The Internet of Things (IOT)—the vast array of machines, sensors, and wearable devices generating reams of information—is one of the main sources of Big Data. And it’s expected to keep growing. The number of connected things will grow from 4.9 billion in 2015 to 25 billion by 2020, according to a study from research firm Gartner Inc.
Connected things, such as automated teller machines, have existed before. However, Gartner notes, that new devices and novel items are being reinvented with digital sensing and computing capabilities by enabling these objects to transmit information streams about their status and surrounding environment.
“However, CIOs must understand that the most disruptive impact and competitive threats—and, equally, the greatest competitive opportunities—arise not from simply digitalizing a product or service, but from creating a new business model and value proposition,” noted Steve Prentice, vice president and Gartner Fellow, in a press release about the study.
Tom Davenport, independent senior adviser to Deloitte Analytics, agrees—going on to note in a blog post—that while the phrase IOT suggests that the most important attribute of sensors is their connectedness, analytics are needed to make sense of the data generated by the sensors and for the devices to take intelligent action. Davenport describes this as “The Analytics of Things.”
“The primary virtue of connected analytics is that you can aggregate data from multiple devices and make comparisons across time and users that can lead to better decisions,” he points out. “Comparative usage of an important resource such as energy, then, is one key analytical approach to connected data.”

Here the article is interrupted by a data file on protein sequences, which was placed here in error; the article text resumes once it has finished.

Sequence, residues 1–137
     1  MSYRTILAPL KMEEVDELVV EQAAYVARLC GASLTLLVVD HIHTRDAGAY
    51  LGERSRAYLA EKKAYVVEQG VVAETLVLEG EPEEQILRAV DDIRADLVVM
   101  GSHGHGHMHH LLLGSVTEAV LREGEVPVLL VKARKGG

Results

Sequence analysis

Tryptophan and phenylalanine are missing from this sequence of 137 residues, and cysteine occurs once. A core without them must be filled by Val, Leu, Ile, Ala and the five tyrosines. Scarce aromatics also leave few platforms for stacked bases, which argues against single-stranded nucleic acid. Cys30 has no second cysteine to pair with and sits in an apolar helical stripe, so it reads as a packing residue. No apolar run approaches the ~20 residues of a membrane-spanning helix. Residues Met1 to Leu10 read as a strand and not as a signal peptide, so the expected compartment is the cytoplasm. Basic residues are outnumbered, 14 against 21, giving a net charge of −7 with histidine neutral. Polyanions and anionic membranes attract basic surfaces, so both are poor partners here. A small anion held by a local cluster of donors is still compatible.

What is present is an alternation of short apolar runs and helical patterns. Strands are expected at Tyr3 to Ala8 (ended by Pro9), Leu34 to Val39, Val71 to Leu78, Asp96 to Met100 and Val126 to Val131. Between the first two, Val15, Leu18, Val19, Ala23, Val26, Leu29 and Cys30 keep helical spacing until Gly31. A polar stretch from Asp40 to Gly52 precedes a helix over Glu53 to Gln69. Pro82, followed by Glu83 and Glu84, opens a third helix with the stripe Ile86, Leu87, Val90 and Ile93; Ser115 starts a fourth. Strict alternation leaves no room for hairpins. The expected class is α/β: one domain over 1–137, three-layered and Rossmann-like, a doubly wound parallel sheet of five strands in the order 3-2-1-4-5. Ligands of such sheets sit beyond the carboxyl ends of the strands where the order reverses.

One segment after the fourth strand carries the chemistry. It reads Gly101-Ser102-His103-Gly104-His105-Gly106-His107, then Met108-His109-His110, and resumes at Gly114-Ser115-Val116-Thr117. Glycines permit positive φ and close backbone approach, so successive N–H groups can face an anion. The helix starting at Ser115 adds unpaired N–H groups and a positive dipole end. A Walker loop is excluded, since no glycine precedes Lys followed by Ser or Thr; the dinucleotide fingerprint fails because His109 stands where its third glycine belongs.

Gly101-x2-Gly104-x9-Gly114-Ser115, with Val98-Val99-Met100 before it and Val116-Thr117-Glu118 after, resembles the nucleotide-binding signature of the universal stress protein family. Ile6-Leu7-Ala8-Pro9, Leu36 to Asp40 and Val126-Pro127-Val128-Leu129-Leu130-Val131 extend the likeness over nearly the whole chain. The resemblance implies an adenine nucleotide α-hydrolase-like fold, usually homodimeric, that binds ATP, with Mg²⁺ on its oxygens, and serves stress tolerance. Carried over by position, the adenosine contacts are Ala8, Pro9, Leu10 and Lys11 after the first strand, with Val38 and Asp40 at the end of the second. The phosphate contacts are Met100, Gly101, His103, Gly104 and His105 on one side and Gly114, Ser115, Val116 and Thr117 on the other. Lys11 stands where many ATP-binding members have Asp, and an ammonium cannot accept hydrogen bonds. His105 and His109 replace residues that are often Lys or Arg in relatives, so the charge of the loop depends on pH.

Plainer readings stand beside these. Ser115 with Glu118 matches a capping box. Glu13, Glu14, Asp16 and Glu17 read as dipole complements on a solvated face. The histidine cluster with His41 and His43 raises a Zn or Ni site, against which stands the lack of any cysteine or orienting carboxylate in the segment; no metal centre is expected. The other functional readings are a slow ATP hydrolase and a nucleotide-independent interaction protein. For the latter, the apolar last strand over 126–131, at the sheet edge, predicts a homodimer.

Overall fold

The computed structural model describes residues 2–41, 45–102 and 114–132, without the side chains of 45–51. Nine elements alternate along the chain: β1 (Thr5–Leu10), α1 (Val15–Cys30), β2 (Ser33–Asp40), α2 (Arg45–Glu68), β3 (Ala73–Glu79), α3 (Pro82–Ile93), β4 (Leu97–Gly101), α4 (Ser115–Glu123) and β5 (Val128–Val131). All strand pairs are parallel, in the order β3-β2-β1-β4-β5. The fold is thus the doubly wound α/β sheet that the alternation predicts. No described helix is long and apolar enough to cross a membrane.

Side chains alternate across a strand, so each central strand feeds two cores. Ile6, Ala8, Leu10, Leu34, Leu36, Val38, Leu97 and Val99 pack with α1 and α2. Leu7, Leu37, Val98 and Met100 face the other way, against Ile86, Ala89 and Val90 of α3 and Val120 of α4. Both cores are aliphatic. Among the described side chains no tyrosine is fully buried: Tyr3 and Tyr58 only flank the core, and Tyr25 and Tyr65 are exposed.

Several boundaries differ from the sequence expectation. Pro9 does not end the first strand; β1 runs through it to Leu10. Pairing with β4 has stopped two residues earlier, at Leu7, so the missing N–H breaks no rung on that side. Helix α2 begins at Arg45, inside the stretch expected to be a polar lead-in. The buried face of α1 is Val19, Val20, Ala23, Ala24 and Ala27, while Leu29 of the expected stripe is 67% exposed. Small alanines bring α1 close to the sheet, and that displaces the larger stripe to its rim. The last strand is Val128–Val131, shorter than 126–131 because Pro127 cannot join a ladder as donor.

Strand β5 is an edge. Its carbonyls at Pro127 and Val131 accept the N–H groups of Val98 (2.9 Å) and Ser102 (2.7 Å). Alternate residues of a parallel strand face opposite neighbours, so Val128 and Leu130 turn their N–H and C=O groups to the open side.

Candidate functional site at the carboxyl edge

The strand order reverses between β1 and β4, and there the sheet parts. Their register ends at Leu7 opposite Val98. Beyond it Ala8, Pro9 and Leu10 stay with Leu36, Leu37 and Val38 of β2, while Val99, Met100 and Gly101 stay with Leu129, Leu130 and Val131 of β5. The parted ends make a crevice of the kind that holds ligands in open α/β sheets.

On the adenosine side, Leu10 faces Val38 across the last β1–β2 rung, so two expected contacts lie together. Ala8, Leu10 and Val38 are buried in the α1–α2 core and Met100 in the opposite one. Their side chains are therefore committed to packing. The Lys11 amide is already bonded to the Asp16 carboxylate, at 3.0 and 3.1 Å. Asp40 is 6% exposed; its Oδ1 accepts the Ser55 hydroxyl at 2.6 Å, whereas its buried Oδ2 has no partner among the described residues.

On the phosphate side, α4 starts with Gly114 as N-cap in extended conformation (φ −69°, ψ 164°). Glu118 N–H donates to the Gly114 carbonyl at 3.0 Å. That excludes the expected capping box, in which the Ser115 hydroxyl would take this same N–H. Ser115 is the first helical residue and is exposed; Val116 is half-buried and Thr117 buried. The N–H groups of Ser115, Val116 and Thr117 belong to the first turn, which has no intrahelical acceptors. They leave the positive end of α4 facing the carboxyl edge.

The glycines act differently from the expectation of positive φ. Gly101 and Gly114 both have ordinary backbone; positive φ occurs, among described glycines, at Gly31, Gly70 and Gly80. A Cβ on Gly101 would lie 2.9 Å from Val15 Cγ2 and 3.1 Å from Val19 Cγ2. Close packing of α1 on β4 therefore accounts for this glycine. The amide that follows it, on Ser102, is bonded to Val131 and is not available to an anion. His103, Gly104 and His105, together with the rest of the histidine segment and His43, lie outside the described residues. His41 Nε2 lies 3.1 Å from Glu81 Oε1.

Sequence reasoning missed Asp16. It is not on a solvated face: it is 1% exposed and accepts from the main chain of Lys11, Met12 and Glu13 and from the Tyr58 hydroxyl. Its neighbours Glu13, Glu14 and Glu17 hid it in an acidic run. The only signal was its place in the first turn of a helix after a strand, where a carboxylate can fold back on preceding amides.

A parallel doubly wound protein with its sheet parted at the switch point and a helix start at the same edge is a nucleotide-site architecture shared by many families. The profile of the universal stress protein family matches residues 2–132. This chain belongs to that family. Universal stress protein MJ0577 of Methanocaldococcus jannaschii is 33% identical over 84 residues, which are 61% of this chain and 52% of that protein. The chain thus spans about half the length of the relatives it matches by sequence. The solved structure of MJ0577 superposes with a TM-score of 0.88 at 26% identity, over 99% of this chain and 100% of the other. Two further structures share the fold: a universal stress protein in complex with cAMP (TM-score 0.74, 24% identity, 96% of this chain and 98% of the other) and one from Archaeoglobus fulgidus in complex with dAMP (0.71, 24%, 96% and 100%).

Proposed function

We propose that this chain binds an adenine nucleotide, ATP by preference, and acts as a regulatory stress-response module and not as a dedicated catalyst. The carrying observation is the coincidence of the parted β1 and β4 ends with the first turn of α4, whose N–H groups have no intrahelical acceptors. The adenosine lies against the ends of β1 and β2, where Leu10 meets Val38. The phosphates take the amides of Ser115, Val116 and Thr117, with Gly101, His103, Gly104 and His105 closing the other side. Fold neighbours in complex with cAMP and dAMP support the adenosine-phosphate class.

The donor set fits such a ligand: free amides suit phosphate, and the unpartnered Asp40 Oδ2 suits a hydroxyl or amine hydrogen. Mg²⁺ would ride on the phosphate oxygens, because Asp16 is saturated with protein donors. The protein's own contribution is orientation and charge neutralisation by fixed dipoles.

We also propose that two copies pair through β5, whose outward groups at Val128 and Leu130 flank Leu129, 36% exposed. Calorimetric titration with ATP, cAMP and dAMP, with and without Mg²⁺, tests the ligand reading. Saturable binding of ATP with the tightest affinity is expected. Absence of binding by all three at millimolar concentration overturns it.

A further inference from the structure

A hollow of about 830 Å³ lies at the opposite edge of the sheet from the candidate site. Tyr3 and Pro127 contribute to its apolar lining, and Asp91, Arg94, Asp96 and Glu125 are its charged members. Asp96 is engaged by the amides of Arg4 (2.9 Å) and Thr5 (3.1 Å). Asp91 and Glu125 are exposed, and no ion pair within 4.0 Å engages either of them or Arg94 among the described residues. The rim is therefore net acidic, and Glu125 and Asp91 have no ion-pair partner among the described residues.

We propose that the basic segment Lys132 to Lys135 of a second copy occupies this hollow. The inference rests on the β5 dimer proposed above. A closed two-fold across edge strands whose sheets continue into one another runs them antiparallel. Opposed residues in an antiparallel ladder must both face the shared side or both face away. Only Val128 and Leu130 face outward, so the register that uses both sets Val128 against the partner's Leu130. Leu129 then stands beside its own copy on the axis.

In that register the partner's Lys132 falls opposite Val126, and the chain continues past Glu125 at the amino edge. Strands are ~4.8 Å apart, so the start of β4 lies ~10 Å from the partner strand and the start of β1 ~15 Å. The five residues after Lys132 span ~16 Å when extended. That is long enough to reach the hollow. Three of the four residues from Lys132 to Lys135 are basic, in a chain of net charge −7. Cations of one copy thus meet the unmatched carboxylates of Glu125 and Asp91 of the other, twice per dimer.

Other types of Analytics of Things include:
- Understanding the reasons of variation.
- Detecting anomalies, such as a temperature being too high.
- Detecting potential maintenance problems in machines before they occur.
- Using data to optimize processes, such as cutting wood at a lumber mill.
“Predictive asset maintenance suggests the best time to service machinery, which is usually much more efficient than servicing at predetermined intervals,” according to the post. “A municipal government could analyze traffic data sensors in roads and other sources to determine where to add lanes and how to optimize stoplight timing and other drivers of traffic flow.”
As far as which types of organizations should begin to invest in The Analytics of Things, Davenport suggests that companies that have relatively little experience with sensor analytics or that have exposure to fast-moving data should begin building their sensor data analytics capabilities.
In addition, firms that see a lot of data coming and no way to make sense of it—such as those planning to use drones to capture large amounts of video—should quickly focus on capabilities to analyze video data and detect anomalies with little human intervention.